Friday, October 20, 2006

Where I am

I don't remember who said it, but one of my favorite quotations (ok, paraphrase) is, "The secret to happiness is a poor memory." I was able to fit that line into a dinner conversation one evening. My husband looked at me and said, "Honey, you're doomed."

I was always the sucker with the golden memory. This is nothing I can take credit for. It's a gift, not a skill. It's just one of the weird configurations of my mind that recall is easier for me than for others. It amuses and annoys the crap out of my sister who wonders how I can remember odd bits from our childhood (usually something that casts her in a less than saintly light.) I hide from her all the memories I have of making a complete ass of myself. As a recruiter, my memory was one of my chief strengths. It would take me a few minutes to recall the name, but I could recall the employment history, background check and interview of just about any client accurately within seconds. I spent many hours feeding info to other recruiters who had more dazzling sales skills than I did, and luckily I had a boss who showed her appreciation for that. I've described myself as having a velcro memory: small, fluffy things stick to it, while bigger, more important things (like anything numeric) slide on by.

I'm sick of memory though. It feels like a muddy swamp that will just suck me under the muck of outgrown images of myself, the ones that are beautiful and grand as well as the ones I wish I didn't remember. Part of me wishes I could face the future with a presence as smooth and crisp as a freshly ironed shirt, but I'm more of a wrinkled linen kind of woman -- definitely quality but the wear shows.

Sick of the past, part of me is ready to jump into the future, but I know that I'm not quite ready for that either. It took me a long time to get to a point where I could say, "This will not be in my day." Every morning I wake up and each day is defined more by what I will accept than by what I want or truly need. The depths of my wimpiness astound me. I'm a woman who broke the collarbone of a would be rapist, who's held friends as they shook through the hallucinations and terrors of drug withdrawal, who was in induced labor for three days, who handled caregiving for my father during the assault of senile dementia, who battled doctors, hospitals, school systems and my daughter herself when an eating disorder threatened to steal her forever. These things have all required strength, but saying and backing up, "I will not tolerate something in my life" has been harder. Sometimes, I look at the stuff I've just accepted as beyond my power to change and the only label I can put on myself is gutless. Of all the southern woman bs I've swallowed, the measure of a woman's strength is in her ability to endure is one of the hardest to dislodge.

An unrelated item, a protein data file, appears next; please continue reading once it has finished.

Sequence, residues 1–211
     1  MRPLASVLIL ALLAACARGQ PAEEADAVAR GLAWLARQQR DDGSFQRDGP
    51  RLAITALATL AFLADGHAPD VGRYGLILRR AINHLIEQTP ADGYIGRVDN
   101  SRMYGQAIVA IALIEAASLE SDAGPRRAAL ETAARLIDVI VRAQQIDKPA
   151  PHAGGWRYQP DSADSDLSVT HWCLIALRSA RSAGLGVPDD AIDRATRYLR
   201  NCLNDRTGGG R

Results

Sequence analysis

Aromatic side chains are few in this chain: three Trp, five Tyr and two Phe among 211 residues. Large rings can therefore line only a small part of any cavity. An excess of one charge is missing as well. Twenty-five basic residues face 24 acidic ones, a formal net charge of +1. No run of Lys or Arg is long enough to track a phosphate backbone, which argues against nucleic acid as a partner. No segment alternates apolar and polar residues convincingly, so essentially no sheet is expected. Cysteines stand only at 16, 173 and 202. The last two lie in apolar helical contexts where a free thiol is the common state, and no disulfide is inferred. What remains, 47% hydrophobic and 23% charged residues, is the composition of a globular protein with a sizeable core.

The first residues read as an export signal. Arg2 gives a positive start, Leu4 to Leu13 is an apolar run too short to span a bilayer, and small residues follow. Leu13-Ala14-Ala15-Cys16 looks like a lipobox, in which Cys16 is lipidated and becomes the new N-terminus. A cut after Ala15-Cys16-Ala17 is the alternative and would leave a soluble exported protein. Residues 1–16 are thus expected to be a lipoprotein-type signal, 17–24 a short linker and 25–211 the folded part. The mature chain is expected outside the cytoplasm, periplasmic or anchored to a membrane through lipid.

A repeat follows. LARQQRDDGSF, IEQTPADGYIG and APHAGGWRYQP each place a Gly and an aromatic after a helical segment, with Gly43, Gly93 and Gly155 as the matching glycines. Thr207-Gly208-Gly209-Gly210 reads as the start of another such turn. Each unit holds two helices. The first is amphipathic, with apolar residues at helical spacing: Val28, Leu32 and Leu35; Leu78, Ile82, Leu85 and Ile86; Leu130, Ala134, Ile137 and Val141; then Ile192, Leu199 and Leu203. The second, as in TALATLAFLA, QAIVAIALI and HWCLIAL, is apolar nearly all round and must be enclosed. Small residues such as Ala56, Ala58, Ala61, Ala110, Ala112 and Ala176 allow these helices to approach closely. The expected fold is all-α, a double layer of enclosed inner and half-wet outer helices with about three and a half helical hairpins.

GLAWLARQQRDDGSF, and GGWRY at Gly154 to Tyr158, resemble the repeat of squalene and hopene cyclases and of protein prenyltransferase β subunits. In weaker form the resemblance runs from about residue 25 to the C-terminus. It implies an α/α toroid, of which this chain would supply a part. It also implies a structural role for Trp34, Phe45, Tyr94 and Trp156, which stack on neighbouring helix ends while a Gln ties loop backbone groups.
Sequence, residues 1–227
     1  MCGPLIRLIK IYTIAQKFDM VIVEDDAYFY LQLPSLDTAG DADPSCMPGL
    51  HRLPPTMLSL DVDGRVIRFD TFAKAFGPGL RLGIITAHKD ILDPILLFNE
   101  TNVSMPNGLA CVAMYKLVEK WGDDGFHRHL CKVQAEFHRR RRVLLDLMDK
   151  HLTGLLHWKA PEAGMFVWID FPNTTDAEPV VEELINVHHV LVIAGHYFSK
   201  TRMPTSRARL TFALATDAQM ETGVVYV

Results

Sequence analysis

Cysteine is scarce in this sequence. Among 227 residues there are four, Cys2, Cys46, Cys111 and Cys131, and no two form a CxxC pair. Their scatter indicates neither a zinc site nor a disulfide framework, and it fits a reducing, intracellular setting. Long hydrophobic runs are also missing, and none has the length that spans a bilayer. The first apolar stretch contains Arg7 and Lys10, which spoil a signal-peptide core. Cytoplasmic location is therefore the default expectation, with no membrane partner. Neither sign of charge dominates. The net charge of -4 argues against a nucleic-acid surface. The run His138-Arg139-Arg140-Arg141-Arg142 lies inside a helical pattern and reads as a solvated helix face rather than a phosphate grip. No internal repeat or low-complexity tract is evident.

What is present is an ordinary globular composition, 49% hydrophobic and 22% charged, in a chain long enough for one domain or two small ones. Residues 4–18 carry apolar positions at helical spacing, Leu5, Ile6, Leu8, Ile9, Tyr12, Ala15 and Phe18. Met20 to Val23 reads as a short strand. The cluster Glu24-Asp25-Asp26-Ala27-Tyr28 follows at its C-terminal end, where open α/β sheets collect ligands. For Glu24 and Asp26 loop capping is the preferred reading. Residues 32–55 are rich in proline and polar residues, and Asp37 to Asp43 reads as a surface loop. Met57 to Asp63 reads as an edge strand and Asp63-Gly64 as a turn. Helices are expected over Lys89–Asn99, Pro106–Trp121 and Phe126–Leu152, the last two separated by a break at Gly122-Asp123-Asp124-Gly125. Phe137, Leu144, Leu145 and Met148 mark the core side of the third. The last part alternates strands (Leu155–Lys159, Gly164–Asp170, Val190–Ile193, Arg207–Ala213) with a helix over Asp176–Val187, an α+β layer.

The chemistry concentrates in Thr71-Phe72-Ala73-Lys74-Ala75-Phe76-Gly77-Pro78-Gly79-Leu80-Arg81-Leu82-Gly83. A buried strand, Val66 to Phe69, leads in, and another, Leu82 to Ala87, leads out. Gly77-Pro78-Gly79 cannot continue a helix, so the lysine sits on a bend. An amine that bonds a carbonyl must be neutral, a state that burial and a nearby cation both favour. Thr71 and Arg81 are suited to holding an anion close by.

It's not the easiest place to be, but I know it's a start. I know more and more what I don't want and will not accept. I think mining my past to understand who I am is starting to transform into something else. I can sense vaguely a future in front of me that's more than just slogging through a work week to clean house on the weekends. I hope that my golden, velcro memory will have its place as a resource and not a minefield. I can choose what's important to remember. I want to be able to envision and create a future rather than just fall into one. I can do it.

However, I'm not going to jump when I'm just re-learning to walk. My experiences on literal crutches have taught me that much. A fall when I'm recuperating is harder than a fresh injury. I get through each day as best I can now, dealing with just what's immediately in front of me. I'm pleased daily with how much I can do, and I sense so much more coming. I can wait to do more, because I can feel my strength gathering. I'm going to be something else.


3 Comments:

Blogger Theresa Williams said...

Hang in there, Cynthia. Cynthia, you should look into arts grants in your state: see if they give grants in essay writing/non-fiction. I just bet you could put together a great portfolio of your writings.

October 20, 2006 1:19 AM  
Blogger Nelle said...

All great destinations begin with those first steps. I always had a memory that never failed. Until my surgery. Now I have trouble and it's very frustrating. I still remember all the details of my previous life but the past few years I have lost things that never got transferred over to the long term area. Congratulations on the weight loss. It's hard work.

October 20, 2006 9:02 PM  
Blogger Lisa :-] said...

At this stage of my life, I'm not even thinking about being "something else." I would be happy with being something...recognizable. :/

October 23, 2006 10:25 PM  

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